There seems to be a real hit-and-miss thing going on with aviation writers lately. Only one link to pass along this week.
Also, no flying for me this week either. The Swift annual is still only partially completed and was due the end of last month. No estimate on the completion time – I’m not good at working in an unheated hangar in temperatures below 40 deg (F). Yeah, I’m a wimp…
Perry Sisson, the individual who set up the “World Domination – the Day of the Swift” effort has published his tabulation of the day’s flying. It has also been covered in several aviation publications recently. The bottom line is that 102 Swifts went flying that day from 4 countries (USA< Canada, Brazil & France) and, after correlating time zones he determined that 33 were in the air at the same time and a total of over 136 Swift hours were flown that day. It was a great effort by all involved – there is already talk of trying to better the result with another event.
I was going to publish a separate post (a couple of months ago) on my time at the West Coast Swift Fly-in – I’ll add it to the bottom of this post to add a little more to this effort. Enjoy.
Pilot celebrates 100th birthday at controls of his airplane
This is from The Journal in Martinsburg, WV. Thomas Reynolds took his first airplane flight in a Ford Trimotor in 1929. It sounds like he has been involved in aviation one way or another ever since. He recently celebrated his 100th birthday by going flying in his Evektor SportStar. He always flies with a copilot now, but he is the pilot in command and does all of the flying himself. We should all be so lucky…
The 2012 West Coast Swift Fly-in
This year’s West Coast Swift Fly-in was, once again, held at the Jackson-Amador County Airport (KJAQ) in Northern California. It is a nice 1-hour flight for me from Reno up over Donner Pass, down I-80 to near Auburn, CA and then south along the Sierras to Jackson.
The fly-in has traditionally been held the week after the Reno Air Races, but this year was moved to the week before the Races in an effort to have better weather for those Swift owners on the east side of the mountains. It turns out that few of them took advantage of the change, electing instead to attend a fly-in located in South Carolina.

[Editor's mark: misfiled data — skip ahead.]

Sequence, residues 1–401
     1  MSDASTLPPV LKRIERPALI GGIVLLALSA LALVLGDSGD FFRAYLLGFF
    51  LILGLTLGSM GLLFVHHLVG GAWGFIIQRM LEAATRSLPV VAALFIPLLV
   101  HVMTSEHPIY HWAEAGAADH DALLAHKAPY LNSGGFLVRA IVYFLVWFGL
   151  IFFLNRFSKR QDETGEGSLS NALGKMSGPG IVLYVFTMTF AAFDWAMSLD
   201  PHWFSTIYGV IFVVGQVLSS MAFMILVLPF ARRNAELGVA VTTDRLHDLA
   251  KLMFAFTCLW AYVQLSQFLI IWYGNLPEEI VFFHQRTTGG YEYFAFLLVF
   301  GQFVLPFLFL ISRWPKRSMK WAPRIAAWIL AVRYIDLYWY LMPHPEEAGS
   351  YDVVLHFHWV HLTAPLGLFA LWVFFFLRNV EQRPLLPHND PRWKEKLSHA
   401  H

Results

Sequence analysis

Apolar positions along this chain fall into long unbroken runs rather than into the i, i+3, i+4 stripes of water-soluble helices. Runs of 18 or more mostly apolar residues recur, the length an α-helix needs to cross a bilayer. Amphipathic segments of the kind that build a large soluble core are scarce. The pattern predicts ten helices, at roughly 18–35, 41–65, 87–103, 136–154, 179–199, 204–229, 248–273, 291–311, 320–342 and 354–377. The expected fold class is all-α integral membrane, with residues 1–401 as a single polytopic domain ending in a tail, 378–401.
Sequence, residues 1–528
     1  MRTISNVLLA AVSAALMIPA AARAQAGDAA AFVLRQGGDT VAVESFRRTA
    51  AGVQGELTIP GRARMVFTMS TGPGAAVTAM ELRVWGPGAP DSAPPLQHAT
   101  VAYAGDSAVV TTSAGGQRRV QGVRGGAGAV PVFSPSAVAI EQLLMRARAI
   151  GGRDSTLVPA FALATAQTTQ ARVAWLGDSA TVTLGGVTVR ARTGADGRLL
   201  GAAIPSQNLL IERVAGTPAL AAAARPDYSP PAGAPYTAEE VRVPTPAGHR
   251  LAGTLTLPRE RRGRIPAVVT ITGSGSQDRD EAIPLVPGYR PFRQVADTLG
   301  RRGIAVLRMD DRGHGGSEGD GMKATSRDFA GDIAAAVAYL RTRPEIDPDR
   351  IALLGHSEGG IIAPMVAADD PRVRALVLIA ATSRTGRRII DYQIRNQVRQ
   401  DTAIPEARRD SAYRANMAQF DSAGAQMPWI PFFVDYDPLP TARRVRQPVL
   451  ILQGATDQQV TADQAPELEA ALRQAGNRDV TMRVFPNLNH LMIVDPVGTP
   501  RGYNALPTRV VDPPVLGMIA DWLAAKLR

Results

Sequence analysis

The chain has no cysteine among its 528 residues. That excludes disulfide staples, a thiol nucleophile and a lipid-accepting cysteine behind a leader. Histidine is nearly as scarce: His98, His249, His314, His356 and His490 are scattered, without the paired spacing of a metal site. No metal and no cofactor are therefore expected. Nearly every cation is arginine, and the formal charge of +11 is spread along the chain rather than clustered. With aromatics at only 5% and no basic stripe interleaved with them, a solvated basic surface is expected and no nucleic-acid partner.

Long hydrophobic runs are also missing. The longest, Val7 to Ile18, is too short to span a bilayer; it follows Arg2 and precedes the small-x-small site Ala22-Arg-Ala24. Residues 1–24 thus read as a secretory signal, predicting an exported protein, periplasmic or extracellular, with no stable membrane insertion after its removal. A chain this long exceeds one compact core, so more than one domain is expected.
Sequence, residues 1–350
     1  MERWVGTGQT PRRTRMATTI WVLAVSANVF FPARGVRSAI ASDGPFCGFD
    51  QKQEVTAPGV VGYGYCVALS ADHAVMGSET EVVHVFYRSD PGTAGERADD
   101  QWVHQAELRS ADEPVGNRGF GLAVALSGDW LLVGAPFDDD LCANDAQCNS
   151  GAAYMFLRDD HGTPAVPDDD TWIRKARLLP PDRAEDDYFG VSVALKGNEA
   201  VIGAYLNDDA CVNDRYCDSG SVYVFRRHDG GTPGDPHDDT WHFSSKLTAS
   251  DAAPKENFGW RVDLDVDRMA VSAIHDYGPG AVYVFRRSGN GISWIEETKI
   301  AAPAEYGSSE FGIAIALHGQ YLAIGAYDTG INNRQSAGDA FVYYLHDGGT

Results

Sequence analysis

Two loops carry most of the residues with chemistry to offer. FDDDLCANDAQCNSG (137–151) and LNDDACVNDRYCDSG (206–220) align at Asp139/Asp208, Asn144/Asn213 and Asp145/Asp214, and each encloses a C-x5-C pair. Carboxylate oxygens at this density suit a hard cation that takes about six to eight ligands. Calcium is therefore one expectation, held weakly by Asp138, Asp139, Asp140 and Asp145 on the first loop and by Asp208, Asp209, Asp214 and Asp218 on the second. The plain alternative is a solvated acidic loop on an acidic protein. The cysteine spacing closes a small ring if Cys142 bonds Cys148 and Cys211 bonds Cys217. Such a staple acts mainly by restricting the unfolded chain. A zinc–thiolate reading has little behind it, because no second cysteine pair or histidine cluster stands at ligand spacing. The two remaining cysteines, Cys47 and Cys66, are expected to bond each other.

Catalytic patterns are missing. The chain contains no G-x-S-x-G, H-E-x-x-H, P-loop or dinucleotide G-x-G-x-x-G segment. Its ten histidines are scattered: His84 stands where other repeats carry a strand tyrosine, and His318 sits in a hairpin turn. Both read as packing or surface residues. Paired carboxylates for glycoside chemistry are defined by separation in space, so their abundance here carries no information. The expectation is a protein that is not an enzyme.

Twenty-four Swifts made it to Jackson this year. There was everything from an original 85-HP Swift to the latest restoration out of The Aeroplane Factory with an Aspen Avionics glass panel run by dual Garmin 430s.
The fly-in was a great time to catch up with old friends and make new friends. I was one of the ‘early bird’ arrivals, flying to Jackson on Thursday and arriving at about noon. Even so, I was the third Swift on the field.
By moving the event to “the week before the Reno Races” the organizers were helping all the east-coast Swifters, but it made things a bit more complicated for me. The Swift event was held September 6-9 and the ‘official ‘ dates of the Reno Air Races are September 12-16. However, if you have been involved with a major event like the Races, you know that things start happening well before the event dates. I’ve mentioned here before that the Stead Airport starts transforming into Race status a month before the event dates.
I left for the Swift Fly-in on the morning of the 6th, just prior to the Stead control tower went into operation (at noon on the 6th). All of the race planes and crews had to be at Stead this year by Saturday the 8th. Sunday, the day I returned from the Swift event, was a practice day – meaning that the race course was active, Race Control was controlling the airfield and a TFR was in effect around the airport. The Air Race Association each year publishes procedures which can allow a Stead tenant to fly into or out of the airport before official racing begins. I submitted my request and was given a slot time on Sunday to return to Stead and a PPR number to provide the controller upon contact. [Prior Permission Required].
I made my slot time and landed with no problems or delays. Then I was faced with the establishment of the ‘NO PROP’ line in effect. Our hangar is in the unlimited pit area, so I taxied in just like one of the racers, shut down where they normally do, exited the aircraft and chocked the wheels. My wife met me with our golf cart which is fitted with an aircraft tow bar that grabs the tailwheel. We hooked everything up and towed the Swift backward through the pits and down the hangar row. Fun times were had by all…
Here are some photos of the Swift event: